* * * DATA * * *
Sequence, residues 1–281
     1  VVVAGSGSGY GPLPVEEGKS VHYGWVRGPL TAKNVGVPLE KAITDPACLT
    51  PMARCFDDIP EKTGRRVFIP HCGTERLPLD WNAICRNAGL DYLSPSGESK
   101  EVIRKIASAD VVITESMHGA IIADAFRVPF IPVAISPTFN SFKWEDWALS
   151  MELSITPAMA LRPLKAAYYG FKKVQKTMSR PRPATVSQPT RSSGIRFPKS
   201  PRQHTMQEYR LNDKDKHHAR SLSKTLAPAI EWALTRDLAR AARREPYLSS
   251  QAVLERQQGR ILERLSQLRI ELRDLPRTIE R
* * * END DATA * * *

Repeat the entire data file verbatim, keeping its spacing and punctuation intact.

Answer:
Sequence, residues 1–281
     1  VVVAGSGSGY GPLPVEEGKS VHYGWVRGPL TAKNVGVPLE KAITDPACLT
    51  PMARCFDDIP EKTGRRVFIP HCGTERLPLD WNAICRNAGL DYLSPSGESK
   101  EVIRKIASAD VVITESMHGA IIADAFRVPF IPVAISPTFN SFKWEDWALS
   151  MELSITPAMA LRPLKAAYYG FKKVQKTMSR PRPATVSQPT RSSGIRFPKS
   201  PRQHTMQEYR LNDKDKHHAR SLSKTLAPAI EWALTRDLAR AARREPYLSS
   251  QAVLERQQGR ILERLSQLRI ELRDLPRTIE R